On July 1st 1972, over 700 LGBT demonstrators made history by marching through London for the first official Pride carnival. It was the largest public display of its kind to date, but it certainly wasn’t the first. Chris Godfrey spoke with the radical drag queens who took to the streets of London just days before, in a daring display of defiance and decadence.
In 1970, homosexuality was still criminalised in Scotland and Northern Ireland, public displays of same-sex relationships remained illegal, the age of consent for gay men stood at 21 and the Gay Liberation Front (GLF) had formed, releasing it’s manifesto later that year.
Julian Hows was 15 at the time, and – being a particularly precocious teen – he decided the time was right for him to run away from home and join them. Having just been expelled from school the timing couldn’t have been better. A year later he found himself at the heart of a faction so subversive, so radical, it was too much even for the GLF.
“I’d ran away from school – well, I was thrown out for being a corrupting influence on the younger pupils,” says Hows. “I was living in a gay squat in Notting Hill Gate with 15 other gay men, sharing all possessions and all money and taking LSD every Saturday night.”
Among the groups other preferred activities was a form of subversive, genderfuck drag. It was a hobby they very much enjoyed sharing with the general public, whether that involved joining demonstrations, patrolling trains and offering bewildered passengers refreshments and conversation, or taking tea trolleys up to Hampstead Heath and educating cottagers about gay liberation.
“We were so well known in the area for our politics and we lifted a pedestrian demonstration…up that couple of notches,” says Michael James, another member of the radical drag queens who squatted in the same old film studio on Colville Terrace. James was inspired to join the GLF after a particularly traumatising police arrest near Green Park Station one night, as he looked for his lover at the time. Looking for any excuse, the police fabricated a scenario that allowed them to charge him for ‘importuning for an immoral purpose’. Joining the GLF allowed him to reclaim a sense of empowerment.
But when James and the other radical drag queens left their commune one weekday afternoon it was to protest a very different source of injustice. At a time when the Vietnam War had intensified, along with public anger towards it, the radical drag queens opted to spend the morning picketing outside the US embassy at Grosvenor Square, alongside the boilermakers union.
“We were offered to join the America Out of Vietnam demonstration,” says James. “So on the appointed day it was nails done, eye lashes on, whatever make up on and whatever frock we decided to wear. It was appropriate for the occasion. We didn’t usually wear evening gowns to serious political demonstrations, we wore nice smart dresses.”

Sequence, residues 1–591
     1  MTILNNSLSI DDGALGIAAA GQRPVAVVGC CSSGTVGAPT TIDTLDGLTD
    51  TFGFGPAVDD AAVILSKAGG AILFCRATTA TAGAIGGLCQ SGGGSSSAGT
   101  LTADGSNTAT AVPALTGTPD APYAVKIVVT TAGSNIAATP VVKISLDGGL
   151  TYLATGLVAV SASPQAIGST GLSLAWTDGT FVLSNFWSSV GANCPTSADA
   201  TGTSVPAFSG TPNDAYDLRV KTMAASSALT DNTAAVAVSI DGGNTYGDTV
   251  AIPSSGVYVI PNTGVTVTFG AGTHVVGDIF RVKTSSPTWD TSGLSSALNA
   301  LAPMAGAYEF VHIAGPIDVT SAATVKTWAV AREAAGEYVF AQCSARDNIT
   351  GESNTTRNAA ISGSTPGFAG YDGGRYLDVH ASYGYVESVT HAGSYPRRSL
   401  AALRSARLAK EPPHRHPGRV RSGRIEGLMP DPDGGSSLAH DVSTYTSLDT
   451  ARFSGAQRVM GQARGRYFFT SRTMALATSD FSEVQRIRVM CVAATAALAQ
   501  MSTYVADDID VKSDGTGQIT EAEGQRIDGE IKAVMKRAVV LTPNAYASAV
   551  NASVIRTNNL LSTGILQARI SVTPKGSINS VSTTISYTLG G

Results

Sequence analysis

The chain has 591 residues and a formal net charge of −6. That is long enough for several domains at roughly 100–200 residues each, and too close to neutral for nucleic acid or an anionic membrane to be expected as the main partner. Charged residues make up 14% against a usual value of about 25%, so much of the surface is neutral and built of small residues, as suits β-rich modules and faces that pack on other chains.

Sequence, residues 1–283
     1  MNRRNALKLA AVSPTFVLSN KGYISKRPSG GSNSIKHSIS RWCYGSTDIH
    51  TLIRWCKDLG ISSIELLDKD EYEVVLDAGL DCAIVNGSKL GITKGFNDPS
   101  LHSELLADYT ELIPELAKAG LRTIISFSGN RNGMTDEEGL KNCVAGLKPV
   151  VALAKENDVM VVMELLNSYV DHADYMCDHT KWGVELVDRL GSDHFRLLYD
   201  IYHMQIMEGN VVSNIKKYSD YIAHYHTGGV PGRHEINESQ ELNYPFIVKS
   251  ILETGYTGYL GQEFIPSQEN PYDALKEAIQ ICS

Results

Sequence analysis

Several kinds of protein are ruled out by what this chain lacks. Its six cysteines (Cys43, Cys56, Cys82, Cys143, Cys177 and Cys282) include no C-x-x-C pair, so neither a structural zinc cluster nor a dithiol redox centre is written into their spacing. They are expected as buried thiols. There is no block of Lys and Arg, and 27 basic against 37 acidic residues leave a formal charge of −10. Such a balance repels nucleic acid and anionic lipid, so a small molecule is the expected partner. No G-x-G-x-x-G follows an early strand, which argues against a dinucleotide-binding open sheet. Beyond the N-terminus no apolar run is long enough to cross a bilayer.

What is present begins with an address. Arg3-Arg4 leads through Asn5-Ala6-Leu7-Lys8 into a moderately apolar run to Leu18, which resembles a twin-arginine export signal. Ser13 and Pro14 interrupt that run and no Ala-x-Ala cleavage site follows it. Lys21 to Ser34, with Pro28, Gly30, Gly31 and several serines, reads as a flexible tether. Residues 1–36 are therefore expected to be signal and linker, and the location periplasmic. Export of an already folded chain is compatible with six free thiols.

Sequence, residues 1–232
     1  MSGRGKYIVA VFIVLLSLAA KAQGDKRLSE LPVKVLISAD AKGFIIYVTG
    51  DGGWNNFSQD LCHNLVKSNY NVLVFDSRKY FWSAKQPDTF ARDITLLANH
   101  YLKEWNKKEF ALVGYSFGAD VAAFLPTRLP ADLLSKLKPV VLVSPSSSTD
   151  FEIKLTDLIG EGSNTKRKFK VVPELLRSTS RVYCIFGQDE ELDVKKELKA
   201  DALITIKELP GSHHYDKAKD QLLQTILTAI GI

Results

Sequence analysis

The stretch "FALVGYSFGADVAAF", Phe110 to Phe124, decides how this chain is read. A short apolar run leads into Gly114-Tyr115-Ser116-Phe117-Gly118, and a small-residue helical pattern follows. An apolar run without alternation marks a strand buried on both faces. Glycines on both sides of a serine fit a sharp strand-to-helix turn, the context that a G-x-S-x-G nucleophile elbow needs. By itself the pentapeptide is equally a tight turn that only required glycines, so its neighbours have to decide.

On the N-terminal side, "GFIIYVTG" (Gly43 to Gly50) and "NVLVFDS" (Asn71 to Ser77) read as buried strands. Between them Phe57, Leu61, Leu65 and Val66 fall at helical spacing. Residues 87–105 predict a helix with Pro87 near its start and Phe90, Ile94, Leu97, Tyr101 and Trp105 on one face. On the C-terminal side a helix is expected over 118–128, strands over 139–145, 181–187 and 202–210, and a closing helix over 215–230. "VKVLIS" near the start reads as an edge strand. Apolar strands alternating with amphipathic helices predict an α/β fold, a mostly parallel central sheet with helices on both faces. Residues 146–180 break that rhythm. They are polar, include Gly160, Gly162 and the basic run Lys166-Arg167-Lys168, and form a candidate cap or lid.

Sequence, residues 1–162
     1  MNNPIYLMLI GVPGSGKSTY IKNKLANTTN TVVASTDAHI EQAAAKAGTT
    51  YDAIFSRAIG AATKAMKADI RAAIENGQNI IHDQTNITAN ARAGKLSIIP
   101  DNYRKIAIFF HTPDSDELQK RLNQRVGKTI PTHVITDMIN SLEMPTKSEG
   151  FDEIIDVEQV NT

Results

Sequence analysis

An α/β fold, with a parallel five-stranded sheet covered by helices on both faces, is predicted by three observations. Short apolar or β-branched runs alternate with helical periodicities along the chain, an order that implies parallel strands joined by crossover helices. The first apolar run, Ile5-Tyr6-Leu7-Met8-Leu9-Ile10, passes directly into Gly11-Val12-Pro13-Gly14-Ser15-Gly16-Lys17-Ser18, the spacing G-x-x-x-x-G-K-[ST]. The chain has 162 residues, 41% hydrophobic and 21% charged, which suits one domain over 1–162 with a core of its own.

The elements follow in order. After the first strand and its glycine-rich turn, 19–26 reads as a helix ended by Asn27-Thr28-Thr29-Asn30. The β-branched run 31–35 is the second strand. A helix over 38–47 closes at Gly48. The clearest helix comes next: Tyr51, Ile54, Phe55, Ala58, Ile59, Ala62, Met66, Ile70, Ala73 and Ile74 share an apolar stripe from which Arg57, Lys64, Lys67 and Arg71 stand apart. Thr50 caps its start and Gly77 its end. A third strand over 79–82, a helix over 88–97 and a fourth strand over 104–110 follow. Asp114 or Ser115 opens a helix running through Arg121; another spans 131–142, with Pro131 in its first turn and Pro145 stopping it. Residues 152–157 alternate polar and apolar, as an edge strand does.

“A man wearing a dress in the street is potent. It’s very strong. And people were very afraid of it.”
Donning a trilby hat, a black cape, a 1930s wrap over the shoulders and a pair of multi-coloured wedge heeled shoes, James joined the group of around 15 or so drag activists who had assembled themselves to the side of the steps on Grosvenor Square, opposite the band of boilermakers. After a few hours picketing, the queens noticed a nearby crowd of workers on their lunch, listening to an orchestra on Grosvenor Square. Drawn in by the forties dance music, the queens swanned over.
“They were on this step and they were being conducted by a queen, who turned out to be a very sour-faced cross queen,” says James. “We came down and stood round and got to the front, and Bette said ‘come on doll let’s have a dance’. Then we were all out there in the frocks and we were dancing around. We had this whole area of people dancing, waltzing and a little bit of jiving.”
The onlookers may have assumed the drag queens were part of the show, but the frosty faced conductor knew otherwise. Angry at the spectacle and determined to protect the innocence of his orchestra he packed away his conductor’s baton and stopped the music. The queens, in no mood to go home, decided to take a trip to the Meat Rack, a notorious hangout for escorts.
“It was probably Julian who said ‘oh let’s go down on to the Piccadilly Circus and chat to the rent boys’,” says James. “So off we trotted, walking down…on to the Circus.” As well as spending time talking to the many boys that came up to them and drawing in a crowd of working escorts, the queens decided to patrol the inner sanctum of the Meat Market, banging on the stalls, screaming “closet queens come out”. Many of them did and, dressed in their masculine disguise of suits and shirt, fled. Somewhat inevitably, the scene drew the attention of the Metropolitan police.
“Of course the cry went up: ‘Lilly Law – scarper’,” says James. The police proceeded to chase the queens through the warrens of Piccadilly Circus, many of who had bolted for the exit leading out onto lower Regent Street. Despite wearing high heels, they kept 50 yards ahead of their pursuers and made for the Institute of Contemporary Arts, seeking sanctuary.
“At the ICA they happened to have an exhibition of revolutionary posters,” says James. “And of course, the true revolutionaries swept in through the door.” Staff at the ICA found the whole thing amusing. Rather than turf them out to the police, they instead offered them coffee and cake and showed them round their exhibition on revolutionaries, containing everything from Chairman Mao posters to Russian propaganda.
“After we’d had a cup of coffee we decided to go to Trafalgar Square,” says Stuart Feather, another member of the radical drag faction within the GLF. “So we went there and we were just looking for trouble basically. We got up on the plinth and we had some placards I think saying ‘gay is good’, ‘gay is angry’ and ‘come out’ – the usual ones I think. And then we all climbed up on to the plinth and did a sort of can-can on the plinth. People came and were taking photographs. And then the police arrived and asked us what we were doing.”